The same can't be said for Xenon Racer's car customisation options. With the ability to change the colour of almost everything, you can easily lose yourself in an attempt to create the most affronting and garish racing car possible. It's almost its own mini-game and some of the creations we came up with ranged from vomit-inducing to something so bright we're fairly sure some of the crashes we witnessed were a direct cause of our dayglow pink paint job distracting the AI. You can also change some of the aero parts on each vehicle once you've unlocked them which can turn an undriftable boat into the car equivalent of a ballet dancer.
Unfortunately, the act of unlocking parts isn't limited to the Xenon Racing Championship. Normally this wouldn't be a problem and often is a great way to encourage players to explore and complete other aspects of a game. However, finding anyone around to play and complete the online portion of Xenon Racer is nigh impossible unless you can convince some of your friends to join in. This is all down to the fact that online races are self-hosted so unless someone has created a lobby there's no way to play an online game. We tried creating our own but no matter how long we waited no-one cared to join us. There is local split-screen thankfully, as well as time attack modes along with a free-play option allowing you to hone your skills should you find a certain track layout tricky.
There are other little niggles too that hold back Xenon Racer from being the fun and frenetic game it wants to be. Chief among them is a damage system that seems to be overly harsh considering some of the tracks you meet later on. It's almost impossible to go an entire race without hitting something whether it be an AI racer or a wall. The latter, once hit, sucks you in and it can be very difficult to break free and so your damage ramps up exponentially as you wallride your way to freedom. Generally, at this point, it's rarely worth continuing as once you've taken 100% damage your car is reset and you lose a heap of time to the cars behind. With most races lasting only two to three laps, the time lost is often insurmountable therefore making it quicker to restart rather than plodding on.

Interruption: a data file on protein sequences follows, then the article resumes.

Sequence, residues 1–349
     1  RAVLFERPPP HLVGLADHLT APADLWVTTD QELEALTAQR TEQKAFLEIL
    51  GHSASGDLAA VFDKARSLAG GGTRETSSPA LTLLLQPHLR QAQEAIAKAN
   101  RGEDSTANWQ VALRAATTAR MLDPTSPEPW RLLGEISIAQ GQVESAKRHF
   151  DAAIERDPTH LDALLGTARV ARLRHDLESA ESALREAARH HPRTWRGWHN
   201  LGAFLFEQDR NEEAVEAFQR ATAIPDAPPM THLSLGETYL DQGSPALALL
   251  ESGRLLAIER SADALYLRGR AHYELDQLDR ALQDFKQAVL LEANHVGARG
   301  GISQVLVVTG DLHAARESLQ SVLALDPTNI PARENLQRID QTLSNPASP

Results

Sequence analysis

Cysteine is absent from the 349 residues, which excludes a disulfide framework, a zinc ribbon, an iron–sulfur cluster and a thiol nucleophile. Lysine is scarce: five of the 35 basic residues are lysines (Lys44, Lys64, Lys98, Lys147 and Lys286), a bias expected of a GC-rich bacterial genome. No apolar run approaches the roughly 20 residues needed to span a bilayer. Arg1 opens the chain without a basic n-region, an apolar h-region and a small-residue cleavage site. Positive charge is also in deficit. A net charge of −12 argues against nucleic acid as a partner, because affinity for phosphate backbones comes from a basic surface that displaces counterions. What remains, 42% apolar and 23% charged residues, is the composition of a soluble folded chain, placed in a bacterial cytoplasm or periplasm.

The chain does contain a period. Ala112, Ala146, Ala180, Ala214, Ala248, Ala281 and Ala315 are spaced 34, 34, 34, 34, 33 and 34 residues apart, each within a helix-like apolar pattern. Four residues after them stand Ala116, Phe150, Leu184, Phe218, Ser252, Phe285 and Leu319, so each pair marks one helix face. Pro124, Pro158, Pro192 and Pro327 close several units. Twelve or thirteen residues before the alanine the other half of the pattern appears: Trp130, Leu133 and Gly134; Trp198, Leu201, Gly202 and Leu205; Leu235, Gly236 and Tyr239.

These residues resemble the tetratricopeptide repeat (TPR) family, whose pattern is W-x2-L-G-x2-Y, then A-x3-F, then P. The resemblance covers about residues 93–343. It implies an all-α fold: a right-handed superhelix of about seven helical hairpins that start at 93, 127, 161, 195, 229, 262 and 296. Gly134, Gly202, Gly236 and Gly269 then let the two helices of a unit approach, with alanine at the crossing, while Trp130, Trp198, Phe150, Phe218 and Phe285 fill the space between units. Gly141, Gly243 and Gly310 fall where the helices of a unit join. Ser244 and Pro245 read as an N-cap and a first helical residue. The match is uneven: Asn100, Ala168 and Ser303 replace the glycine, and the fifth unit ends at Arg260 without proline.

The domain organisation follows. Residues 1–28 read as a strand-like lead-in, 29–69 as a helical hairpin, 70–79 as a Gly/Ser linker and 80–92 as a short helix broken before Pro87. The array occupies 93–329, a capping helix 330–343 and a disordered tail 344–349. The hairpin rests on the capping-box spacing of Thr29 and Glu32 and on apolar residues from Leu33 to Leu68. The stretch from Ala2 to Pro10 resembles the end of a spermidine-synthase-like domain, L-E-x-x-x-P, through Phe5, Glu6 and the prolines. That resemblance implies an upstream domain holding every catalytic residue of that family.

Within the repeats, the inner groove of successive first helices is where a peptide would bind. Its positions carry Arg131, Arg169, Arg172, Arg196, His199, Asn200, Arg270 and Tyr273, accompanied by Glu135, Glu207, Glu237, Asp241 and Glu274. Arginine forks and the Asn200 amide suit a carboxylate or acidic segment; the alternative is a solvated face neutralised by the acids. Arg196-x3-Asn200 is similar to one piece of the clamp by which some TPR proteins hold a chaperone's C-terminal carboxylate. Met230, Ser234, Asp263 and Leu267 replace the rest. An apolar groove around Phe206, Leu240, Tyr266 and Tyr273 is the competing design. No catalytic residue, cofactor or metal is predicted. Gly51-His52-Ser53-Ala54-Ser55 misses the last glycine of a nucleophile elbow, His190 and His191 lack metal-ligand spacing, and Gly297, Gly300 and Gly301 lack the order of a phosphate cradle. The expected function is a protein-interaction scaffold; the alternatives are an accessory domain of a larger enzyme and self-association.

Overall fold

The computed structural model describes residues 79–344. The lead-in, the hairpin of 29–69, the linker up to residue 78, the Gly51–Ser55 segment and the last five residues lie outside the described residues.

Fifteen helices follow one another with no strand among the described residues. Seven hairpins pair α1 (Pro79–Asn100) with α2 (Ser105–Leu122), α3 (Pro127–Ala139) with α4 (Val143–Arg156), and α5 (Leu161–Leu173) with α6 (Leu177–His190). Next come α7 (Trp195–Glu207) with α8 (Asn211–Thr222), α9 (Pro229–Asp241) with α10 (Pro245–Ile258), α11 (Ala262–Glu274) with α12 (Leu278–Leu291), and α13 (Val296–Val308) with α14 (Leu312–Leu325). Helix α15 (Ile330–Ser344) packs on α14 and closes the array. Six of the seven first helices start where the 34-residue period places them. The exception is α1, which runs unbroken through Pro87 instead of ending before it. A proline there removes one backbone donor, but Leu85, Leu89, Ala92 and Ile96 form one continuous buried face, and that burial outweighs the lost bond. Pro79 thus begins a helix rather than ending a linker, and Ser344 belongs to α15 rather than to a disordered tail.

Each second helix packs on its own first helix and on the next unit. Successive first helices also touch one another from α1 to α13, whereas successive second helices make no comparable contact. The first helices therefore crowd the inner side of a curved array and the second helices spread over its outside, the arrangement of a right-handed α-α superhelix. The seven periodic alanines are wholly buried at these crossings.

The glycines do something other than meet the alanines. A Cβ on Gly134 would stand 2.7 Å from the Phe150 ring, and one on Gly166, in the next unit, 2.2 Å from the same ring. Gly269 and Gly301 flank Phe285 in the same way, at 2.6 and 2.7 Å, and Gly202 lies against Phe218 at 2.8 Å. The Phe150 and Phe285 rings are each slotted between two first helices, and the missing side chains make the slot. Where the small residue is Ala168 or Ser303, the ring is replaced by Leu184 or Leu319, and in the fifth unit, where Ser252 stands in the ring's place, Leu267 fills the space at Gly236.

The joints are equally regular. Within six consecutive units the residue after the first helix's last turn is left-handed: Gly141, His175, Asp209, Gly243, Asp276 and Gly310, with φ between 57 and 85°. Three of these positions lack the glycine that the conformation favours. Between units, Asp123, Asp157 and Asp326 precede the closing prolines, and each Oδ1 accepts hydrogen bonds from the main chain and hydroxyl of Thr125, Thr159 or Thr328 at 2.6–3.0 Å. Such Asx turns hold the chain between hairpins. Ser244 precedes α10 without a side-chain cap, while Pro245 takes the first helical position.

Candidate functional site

The mini-map is another area that could do with some work. Learning a new layout or course isn't easy and usually the mini-map is a saving grace that can help you judge upcoming corners. Unfortunately, in Xenon Racer, it doesn't do a good job of relaying the type of upcoming corner. We lost count of the number of times we thought we were about to hit a must-drift corner only to find it could be taken flat out and therefore we lost time and speed. Other times it looked like a gentle curve only to turn into a dramatic right-angled turn which, because we hadn't initiated a drift, saw us plough into the wall and take a lot of damage.
Xenon Racer has a decent amount of potential and there is a roadmap that looks to add seven courses by the end of July. This could potentially solve the problem of track variation but there’s more to resolve here than just a lack of tracks. The lack of any meaningful online play and a single-player campaign that feels like a slog really takes the shine off a game that could be a lot more fun. Whilst the buttery smooth visuals and crazy looking cars pay a wonderful homage to Ridge Racer the tracks and the game itself lack the graceful ebb and flow that made its spiritual forebear such fun to play.